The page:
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Emma Gilberthorpe (University of East Anglia)
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Author:Daniel Miller (University College London (UCL))
Paper long abstract:
Most of the discussion around the balance between care and surveillance during the response to Covid-19 has been focused on the rise of contract tracing through smartphones. The varied governmental responses and even more varied degrees of concern around compliance and privacy. All of which has highlighted a finding from the ASSA project (Anthropology of Smartphones and Smart Ageing) about how smartphones have developed the possibilities of both care and surveillance. What has been less discussed and was still more prominent within the ASSA ethnographies is the way ordinary people took up the mantle of surveillance and felt responsible as citizens for ensuring the compliance of the public with government strictures. The events provided many insights into how public normativity is created and maintained through practices such as sharing memes, but also shaming and upbraiding each other. There is state surveillance and surveillance capitalism, but what of surveillance from below? And what does this tell us about contemporary citizenship?
Authors:Geert De Neve (Sussex University)
Grace Carswell (University of Sussex)
Paper long abstract:
On 25th March 2020, to stem the spread of Covid-19, Prime Minister Narendra Modi imposed a country-wide lockdown that immobilised over 1.3 billion people across India. Media and early scholarly reports revealed the multiple health, social and economic impacts of the pandemic and the related lockdown, with clear indications that those already vulnerable or marginalised were most acutely affected.
In this paper, we present accounts of garment and textile workers from two villages in Tamil Nadu, collected during the national lockdown from 25th March to 31st May. These villages - Allapuram and Mannapalayam - are located in the hinterland of Tiruppur, India’s largest knitwear manufacturing and export hub. Being in the middle of a year-long restudy of these villages, we were able to continue collecting material, using phone conversations with key informants.
While, to date, no one in these villages has contracted Covid-19, the lockdown paralysed rural life across the social spectrum, albeit with diverse outcomes shaped by pre-Covid-19 social and economic positions. We describe the immediate economic fall-out of the lockdown in terms of job losses in a region heavily dependent on garment and textile work. We also reveal some of the instantaneous responses they elicited, including by the state. We then explore shifting experiences in the medium term as unemployment and cash shortages began to threaten the livelihoods of the poor.
Responses and interventions seemed to differ quite radically in these study villages, in line with caste relations, labour markets and, crucially, relations of patronage. Our findings provide food for thought around the workings of patronage, dependency and indebtedness at a time of crisis. The lockdown not only provides a lens through which to study relations of power and inequality, but also reveals how times of crises exacerbate inequalities while also galvanizing unexpected forms of support.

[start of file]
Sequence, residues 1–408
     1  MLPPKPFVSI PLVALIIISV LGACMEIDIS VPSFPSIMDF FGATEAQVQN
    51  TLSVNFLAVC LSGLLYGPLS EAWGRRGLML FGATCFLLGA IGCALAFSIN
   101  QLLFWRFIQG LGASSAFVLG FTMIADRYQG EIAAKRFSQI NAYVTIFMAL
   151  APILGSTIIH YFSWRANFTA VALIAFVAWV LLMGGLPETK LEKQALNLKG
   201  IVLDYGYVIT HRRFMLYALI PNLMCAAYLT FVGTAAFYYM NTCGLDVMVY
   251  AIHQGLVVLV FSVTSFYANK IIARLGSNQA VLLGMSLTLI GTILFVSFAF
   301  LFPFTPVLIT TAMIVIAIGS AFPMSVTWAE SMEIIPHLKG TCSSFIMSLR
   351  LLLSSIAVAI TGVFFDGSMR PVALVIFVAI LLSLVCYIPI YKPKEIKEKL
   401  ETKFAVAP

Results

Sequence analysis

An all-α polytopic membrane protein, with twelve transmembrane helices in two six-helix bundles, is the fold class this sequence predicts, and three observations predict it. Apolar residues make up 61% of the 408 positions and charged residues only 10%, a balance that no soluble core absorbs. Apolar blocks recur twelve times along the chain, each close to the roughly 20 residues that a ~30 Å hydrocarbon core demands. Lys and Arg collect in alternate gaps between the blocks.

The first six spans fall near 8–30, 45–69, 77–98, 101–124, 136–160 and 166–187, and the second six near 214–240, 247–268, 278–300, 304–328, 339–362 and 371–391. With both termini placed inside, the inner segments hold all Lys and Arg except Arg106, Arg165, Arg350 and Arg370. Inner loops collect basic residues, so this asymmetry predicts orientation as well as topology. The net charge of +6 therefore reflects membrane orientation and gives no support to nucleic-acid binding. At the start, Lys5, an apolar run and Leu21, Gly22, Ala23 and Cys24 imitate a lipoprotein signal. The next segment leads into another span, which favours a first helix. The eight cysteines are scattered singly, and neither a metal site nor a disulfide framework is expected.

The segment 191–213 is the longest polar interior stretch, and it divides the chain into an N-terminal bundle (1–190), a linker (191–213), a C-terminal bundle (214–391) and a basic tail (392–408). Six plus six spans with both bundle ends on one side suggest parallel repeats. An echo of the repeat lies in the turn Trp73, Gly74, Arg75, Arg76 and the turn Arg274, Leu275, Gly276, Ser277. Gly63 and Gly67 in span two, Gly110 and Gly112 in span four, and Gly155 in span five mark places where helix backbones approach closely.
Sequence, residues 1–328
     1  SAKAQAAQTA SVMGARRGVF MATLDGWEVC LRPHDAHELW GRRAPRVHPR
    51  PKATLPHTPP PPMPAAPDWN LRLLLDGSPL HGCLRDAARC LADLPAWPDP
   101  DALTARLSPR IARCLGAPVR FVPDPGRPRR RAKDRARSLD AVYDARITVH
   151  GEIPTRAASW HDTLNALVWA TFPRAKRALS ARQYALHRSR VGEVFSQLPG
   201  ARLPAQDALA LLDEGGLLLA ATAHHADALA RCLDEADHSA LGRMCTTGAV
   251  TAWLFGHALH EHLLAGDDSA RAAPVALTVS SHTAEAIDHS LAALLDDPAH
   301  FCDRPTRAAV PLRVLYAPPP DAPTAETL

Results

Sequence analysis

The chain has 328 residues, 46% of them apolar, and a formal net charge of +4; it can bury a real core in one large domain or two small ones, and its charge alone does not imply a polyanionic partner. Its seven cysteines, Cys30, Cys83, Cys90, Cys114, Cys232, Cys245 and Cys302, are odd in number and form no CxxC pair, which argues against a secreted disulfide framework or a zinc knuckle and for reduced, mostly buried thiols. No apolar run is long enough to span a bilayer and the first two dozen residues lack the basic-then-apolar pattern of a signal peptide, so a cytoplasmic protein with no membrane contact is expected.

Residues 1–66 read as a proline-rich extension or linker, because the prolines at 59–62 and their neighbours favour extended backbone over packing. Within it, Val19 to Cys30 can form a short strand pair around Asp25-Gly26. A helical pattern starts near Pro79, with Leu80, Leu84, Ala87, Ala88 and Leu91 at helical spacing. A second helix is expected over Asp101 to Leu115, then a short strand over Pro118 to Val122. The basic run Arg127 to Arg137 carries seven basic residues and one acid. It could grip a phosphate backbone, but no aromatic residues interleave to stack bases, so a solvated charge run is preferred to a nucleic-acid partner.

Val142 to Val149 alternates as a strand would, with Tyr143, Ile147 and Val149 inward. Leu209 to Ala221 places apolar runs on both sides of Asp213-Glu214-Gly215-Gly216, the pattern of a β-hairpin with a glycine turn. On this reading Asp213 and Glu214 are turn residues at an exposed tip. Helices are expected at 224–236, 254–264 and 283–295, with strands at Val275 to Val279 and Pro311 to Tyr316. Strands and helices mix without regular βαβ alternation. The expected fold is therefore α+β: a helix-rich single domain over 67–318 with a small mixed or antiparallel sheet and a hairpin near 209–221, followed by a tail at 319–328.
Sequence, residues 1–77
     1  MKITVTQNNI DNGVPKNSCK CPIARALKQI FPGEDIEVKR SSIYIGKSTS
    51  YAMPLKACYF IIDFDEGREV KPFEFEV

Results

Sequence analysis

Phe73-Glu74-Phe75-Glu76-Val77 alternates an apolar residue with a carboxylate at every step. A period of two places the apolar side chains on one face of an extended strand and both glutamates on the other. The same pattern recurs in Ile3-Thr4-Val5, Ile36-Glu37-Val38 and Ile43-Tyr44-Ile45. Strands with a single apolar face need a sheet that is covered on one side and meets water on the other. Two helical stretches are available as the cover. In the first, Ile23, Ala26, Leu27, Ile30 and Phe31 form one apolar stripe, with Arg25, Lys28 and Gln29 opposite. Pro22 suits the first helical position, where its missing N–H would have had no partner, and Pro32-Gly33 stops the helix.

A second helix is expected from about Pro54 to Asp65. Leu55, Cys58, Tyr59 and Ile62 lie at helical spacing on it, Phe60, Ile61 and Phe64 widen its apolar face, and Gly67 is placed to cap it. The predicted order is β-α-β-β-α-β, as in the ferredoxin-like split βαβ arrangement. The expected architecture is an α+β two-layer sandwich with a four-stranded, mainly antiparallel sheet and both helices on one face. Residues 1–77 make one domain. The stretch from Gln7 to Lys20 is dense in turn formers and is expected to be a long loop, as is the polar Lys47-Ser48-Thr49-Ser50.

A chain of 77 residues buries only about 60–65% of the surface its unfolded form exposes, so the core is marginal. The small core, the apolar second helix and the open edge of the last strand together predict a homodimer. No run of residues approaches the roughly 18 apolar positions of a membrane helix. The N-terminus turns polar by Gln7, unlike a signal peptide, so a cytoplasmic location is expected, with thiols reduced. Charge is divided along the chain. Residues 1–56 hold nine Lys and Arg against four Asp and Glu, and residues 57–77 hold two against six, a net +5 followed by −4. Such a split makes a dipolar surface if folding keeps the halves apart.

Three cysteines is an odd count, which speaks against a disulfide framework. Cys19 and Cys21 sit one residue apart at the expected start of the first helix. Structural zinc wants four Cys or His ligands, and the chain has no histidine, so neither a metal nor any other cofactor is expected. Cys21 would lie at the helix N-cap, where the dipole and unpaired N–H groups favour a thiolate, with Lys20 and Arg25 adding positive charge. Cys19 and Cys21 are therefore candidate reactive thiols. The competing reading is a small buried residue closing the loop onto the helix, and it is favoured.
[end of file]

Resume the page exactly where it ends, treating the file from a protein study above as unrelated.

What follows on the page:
Author:Heike Schaumberg (University of Buenos Aires)
Paper long abstract:
The Covid-19 pandemic has revealed many of the ills of capitalism as illustrates the current wave of protests in the ‘Global North’ against institutional racism; precarity is its sibling. Writing from the quarantine in Argentina, I explore diverse expressions of precarity endemic to the free-market rule and their socially, racially and gendered stratified content in Argentina.
A consistent lack of investment in essential infrastructure, such as housing and access to clean water both in rural regions and the growing shanty-towns in metropolitan areas, turn standardized measures for bringing the pandemic under control, such as social distancing and frequent hand-washing, utopian. Alternative measures adopted by the Argentine government, such as ‘communal quarantine’ of the most at risk impoverished neighbourhoods, have further accentuated sharp class divisions in a country where the working poor initially identified Covid-19 as a disease of the rich.
Responses to the crisis become points of contention that galvanise the agency of diverse social actors. Couriers, now recognized as ‘essential workers’, have been thrusted into the frontline of the struggle against precarious labour relations. They reveal the trials and tribulations of collective organisation from the sphere of precarity.
I contend that the condition of pervasive precarity has backfired from the perspective of managing global health crises such as this pandemic. General quarantine in this context either jeopardizes the livelihood of many or is ineffective, a conundrum which has forced the state to bail out economically active sectors or risk losing political legitimacy; it led to Argentina defaulting (again) on its foreign debt. Arguably, the pandemic also reveals the precarious core of a global economy increasingly reliant on debt restructuring and volatile finance capital. Cautioning against mechanical positivism, I conclude that the pandemic sharpens the ideological and class content of ‘solutions’ for the post-pandemic society as contested fields.